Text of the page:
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Tigers' Avila not motivated to take risks for short-term reward at trade deadline

Chris McCosky
The Detroit News

Detroit – Al Avila was asked on Thursday if this series against the Central Division-leading Twins could impact the Tigers’ plan at the trade deadline. Meaning, if they swept the Twins, would he be more inclined to buy and if they got swept, would he be more inclined to sell.

The answer was a resounding no.

No, because this truncated 2020 season is an outlier. These two months of competition will have no significant bearing — win, lose or draw — on the trajectory of the Tigers rebuilding plan. Check that. It could have a negative bearing, certainly, if the club made a foolhardy push to get into an expanded playoff pool to win a championship that will come with, if not an asterisk, then certainly a lengthy explanation of why this one isn’t like all the others.

Al Avila

No, because there is great uncertainty still regarding what the 2021 season will look like. Will the virus relent enough to allow fans back into stadiums? And if so, how many — 50 percent capacity, 20 percent? There is no cost certainty for teams right now. To take on long-term contracts, to give up building-block prospects for short-term rental players, understanding, too, that the whole financial landscape of baseball could change with a new collective bargaining agreement after the 2021 season — it’s just not prudent. The risks outweigh the reward.

So, no, Avila is not going to throw the rebuilding plan he’s patiently, steadfastly, stuck to for three years out the window to make a run at a wild card spot in a stand-alone 2020 season.

“In our situation, we’re not looking to add a big piece or trade away any of our good prospects,” the Tigers general manager said. “At the same time, if we had a player we felt a team needed from us and we can better ourselves for next year or for the near future, then we have to be open-minded to that.”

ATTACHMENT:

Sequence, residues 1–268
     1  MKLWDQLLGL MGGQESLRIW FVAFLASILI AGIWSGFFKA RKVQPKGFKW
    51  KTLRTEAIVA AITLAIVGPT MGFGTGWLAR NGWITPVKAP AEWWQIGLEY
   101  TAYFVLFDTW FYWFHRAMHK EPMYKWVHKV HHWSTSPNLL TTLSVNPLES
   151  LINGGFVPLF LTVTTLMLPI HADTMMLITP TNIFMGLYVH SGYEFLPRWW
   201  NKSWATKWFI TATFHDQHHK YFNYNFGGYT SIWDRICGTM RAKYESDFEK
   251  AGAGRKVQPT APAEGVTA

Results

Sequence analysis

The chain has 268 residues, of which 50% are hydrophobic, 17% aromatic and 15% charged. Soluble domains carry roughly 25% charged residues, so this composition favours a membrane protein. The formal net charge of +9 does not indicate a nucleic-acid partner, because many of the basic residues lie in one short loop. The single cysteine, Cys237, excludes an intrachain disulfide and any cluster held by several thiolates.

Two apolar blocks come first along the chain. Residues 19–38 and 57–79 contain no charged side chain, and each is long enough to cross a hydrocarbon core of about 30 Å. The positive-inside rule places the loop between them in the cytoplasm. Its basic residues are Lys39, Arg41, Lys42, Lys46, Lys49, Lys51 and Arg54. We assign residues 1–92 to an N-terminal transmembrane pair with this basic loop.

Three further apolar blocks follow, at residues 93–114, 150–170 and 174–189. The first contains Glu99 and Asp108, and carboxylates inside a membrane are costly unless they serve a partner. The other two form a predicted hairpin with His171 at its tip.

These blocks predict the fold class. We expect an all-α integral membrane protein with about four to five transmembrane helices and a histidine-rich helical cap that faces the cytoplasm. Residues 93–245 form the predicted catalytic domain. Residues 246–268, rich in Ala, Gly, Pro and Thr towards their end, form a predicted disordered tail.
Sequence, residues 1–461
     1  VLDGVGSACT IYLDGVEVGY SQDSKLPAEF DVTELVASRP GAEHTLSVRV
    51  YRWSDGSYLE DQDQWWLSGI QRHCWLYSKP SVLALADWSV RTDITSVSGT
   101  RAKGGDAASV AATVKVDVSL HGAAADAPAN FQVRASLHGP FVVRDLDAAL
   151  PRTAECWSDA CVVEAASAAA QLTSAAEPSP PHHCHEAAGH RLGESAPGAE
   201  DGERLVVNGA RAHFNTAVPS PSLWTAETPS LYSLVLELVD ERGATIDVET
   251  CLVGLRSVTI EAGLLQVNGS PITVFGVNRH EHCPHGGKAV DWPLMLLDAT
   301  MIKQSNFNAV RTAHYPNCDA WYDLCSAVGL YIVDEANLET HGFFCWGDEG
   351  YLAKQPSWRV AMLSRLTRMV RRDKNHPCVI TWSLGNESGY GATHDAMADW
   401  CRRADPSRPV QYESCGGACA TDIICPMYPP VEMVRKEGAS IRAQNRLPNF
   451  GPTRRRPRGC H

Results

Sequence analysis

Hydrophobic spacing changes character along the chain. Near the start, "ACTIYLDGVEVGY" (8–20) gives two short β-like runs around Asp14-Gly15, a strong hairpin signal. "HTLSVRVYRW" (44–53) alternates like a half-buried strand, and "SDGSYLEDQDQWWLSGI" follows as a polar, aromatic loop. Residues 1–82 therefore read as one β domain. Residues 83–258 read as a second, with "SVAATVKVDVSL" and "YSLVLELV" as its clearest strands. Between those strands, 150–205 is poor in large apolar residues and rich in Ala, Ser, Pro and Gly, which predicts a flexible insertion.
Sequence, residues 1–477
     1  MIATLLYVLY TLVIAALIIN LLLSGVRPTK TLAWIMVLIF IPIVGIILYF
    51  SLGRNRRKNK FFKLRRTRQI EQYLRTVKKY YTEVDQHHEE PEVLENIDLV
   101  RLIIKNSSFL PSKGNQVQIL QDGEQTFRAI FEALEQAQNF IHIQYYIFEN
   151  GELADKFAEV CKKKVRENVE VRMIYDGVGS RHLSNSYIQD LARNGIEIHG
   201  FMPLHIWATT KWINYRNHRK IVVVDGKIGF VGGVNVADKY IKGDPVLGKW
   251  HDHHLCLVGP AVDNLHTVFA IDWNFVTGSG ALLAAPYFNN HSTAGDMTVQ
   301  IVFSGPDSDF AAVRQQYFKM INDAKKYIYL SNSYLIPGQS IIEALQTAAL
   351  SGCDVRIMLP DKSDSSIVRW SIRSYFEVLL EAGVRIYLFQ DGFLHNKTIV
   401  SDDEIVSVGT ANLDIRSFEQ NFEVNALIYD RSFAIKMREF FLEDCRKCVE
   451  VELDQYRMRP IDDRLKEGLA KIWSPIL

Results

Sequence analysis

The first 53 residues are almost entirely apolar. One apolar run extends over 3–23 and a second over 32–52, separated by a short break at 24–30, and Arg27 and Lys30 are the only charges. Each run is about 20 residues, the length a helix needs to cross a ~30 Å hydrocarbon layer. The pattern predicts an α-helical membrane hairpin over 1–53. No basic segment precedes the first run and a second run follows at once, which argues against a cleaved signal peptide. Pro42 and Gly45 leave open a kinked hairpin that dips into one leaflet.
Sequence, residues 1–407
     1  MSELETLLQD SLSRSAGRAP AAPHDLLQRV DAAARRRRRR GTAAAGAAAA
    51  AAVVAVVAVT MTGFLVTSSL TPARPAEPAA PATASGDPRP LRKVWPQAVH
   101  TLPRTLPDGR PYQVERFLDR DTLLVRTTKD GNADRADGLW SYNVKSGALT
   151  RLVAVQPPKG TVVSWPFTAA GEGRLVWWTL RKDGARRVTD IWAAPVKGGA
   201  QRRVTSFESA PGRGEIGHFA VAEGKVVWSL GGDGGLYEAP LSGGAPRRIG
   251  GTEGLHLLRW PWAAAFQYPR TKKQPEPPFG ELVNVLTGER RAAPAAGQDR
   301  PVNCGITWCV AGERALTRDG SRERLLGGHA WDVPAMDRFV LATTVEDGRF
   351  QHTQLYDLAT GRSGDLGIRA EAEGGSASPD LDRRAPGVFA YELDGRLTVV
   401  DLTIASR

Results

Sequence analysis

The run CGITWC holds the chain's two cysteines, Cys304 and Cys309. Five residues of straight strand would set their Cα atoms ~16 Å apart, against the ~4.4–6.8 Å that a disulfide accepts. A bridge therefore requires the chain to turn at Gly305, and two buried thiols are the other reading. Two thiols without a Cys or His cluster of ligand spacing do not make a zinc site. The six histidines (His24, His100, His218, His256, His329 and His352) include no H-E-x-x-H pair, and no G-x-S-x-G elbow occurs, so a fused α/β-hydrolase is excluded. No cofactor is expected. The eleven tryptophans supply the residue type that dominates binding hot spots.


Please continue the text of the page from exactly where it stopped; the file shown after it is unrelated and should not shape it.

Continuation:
So, hypothetically, if a team came calling about Daniel Norris — a pitcher that could help a team either as a starter or out of the bullpen — the Tigers would listen to what that team had to offer. With prospects Casey Mize and Tarik Skubal already in the rotation, with veteran Ivan Nova close to returning, and with Norris pitching well and a second-year arbitration candidate this off-season, he could be moved.

Matthew Boyd could fit that scenario, as well. But Spencer Turnbull does not. The Tigers have four more years of control with Turnbull. It would take a heck of a haul to pry him away.

Also, if a team wanted an experienced outfielder without any contract obligations beyond this season, certainly the Tigers will listen to offers on Cameron Maybin. There have been reports that the Cubs have expressed interest in Maybin.

“But if that type of deal is not there, we’ll keep our team,” Avila said. “We like our team. We will keep it together and keep trying to win. Even if we make a trade, that’s still our goal, to continue to win more games this year and to for sure make ourselves better for next year and the years going forward.”

Avila said he’d been in contract with about 20 teams and they all were mostly in the same situation as the Tigers going into the final weekend before the Monday deadline.

“It was like a broken record, everybody going through similar things — injuries, lack of performance, playing a lot of games in a row with few days off,” he said. “Some teams are looking for pitching, as always. But it’s really hard to gauge how much a team is really going to go out and try to add and how much they are willing to give up to add in this short period of time.

“Everything is really uncertain at this time.”

Avila said he wouldn’t call the Tigers buyers or sellers — just listeners.

“We’re looking for an opportunity to make our team better this year and for years after that,” he said.

Twitter @cmccosky